Skip Navigation

The Brown Political Review is a non-partisan political publication that seeks to promote ideological diversity. All of the views reflected in BPR’s content are views held by authors and not reflective of the views held by the wider organization or the Executive Board.

How to End Child Poverty: The Case for a Universal Child Allowance

Among developed nations, the United States suffers from one of the highest rates of child poverty. In 2020, 1 in 6 American children, approximately 11 million, lived below the poverty line. In this regard, the United States is an outlier, as many other countries have nearly eliminated child poverty. The child poverty rate in Finland, for example, is estimated to be between 3 and 4%, just a quarter of the rate in the United States. Unlike the U.S., Finland recognizes the collective need and moral imperative to eliminate child poverty, which it does  through the provision of a universal child allowance. If the United States is to drastically decrease child poverty, it should follow the lead of Finland and provide all Americans with a monthly child allowance.

The economic logic behind a child allowance is simple: children consume resources from their household, but cannot work and therefore cannot provide additional market income to the household to offset their consumption. If two households earn the same income but have different numbers of children, the household with more children will need to spend more, so it will be worse off. This process drives a significant proportion of American poverty. According to one estimate, over half of American adults currently in poverty would not be if they did not have children. It is also clear that markets cannot alleviate this problem. Regardless of how much or how hard a parent works, or even how high their wage rises, having additional children will reduce their incomes. The only way to counteract this effect is through government action to provide income directly to parents.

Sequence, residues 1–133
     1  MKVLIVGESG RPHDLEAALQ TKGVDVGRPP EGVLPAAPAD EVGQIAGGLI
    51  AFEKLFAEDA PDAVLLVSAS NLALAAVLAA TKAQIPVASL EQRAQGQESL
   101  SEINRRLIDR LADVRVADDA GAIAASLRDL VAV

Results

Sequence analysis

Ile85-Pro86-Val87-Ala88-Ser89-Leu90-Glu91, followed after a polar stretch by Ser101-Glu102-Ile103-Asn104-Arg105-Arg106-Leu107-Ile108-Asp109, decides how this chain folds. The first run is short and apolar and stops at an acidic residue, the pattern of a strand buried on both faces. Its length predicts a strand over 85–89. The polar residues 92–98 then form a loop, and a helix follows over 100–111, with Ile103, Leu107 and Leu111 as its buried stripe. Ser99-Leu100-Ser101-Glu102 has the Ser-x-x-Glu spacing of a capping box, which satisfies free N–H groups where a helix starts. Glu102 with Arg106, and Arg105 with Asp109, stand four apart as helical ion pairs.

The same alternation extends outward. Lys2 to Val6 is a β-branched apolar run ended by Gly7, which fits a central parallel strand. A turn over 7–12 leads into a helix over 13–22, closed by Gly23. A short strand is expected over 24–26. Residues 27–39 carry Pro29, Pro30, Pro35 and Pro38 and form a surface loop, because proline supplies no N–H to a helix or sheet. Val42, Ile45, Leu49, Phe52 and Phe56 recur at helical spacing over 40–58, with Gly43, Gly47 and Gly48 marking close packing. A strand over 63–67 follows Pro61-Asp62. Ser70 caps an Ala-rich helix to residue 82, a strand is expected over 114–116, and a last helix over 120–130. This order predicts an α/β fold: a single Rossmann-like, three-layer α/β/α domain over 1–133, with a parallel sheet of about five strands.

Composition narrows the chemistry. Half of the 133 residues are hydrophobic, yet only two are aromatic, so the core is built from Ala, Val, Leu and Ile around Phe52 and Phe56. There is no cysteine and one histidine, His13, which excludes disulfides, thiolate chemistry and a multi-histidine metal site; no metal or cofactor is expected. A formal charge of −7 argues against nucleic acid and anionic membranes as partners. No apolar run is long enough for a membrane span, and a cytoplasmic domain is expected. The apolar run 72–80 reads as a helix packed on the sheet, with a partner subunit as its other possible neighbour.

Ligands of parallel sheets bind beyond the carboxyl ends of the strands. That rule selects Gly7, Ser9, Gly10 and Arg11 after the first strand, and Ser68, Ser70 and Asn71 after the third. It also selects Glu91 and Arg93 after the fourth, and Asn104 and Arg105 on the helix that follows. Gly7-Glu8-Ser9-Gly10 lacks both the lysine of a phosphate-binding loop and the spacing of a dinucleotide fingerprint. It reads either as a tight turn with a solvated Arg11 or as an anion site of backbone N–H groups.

Most developed countries have realized this fact and thus provide some form of welfare benefit to families with children. As previously mentioned, Finland offers all families a universal child benefit based on the number of children in the household and the ages of the children. The United States, in contrast, distributes most of its child benefits through a group of tax credits, most notably the Child Tax Credit and the Earned Income Tax Credit. While these programs have admirable aims and do a great deal to reduce child poverty, they are consistently inferior to a universal child allowance in achieving the goal of eliminating child poverty.

  The structure of the Child Tax Credit provides an example of the flaws of the tax credit system. Eligible parents receive a $2000 tax credit for each dependent child under the age of 17. However, this tax credit is only partially refundable. If a parent or family has paid less than $2000 in taxes, they can only receive up to $1400 in the form of a tax refund. This refund, known as the Additional Child Tax Credit, is calculated by multiplying all taxable income over $2500 by 15%. Effectively, poorer families will receive less than wealthier ones up to a certain income level, creating a system of “trapezoidal” benefits, in which the poorest families are excluded from receiving full benefits along with the most affluent families. The Earned Income Tax Credit follows a similar trapezoidal structure, with drastic consequences. By one estimate, the poorest fifth of American children receive either no benefits or partial benefits from the tax credit system.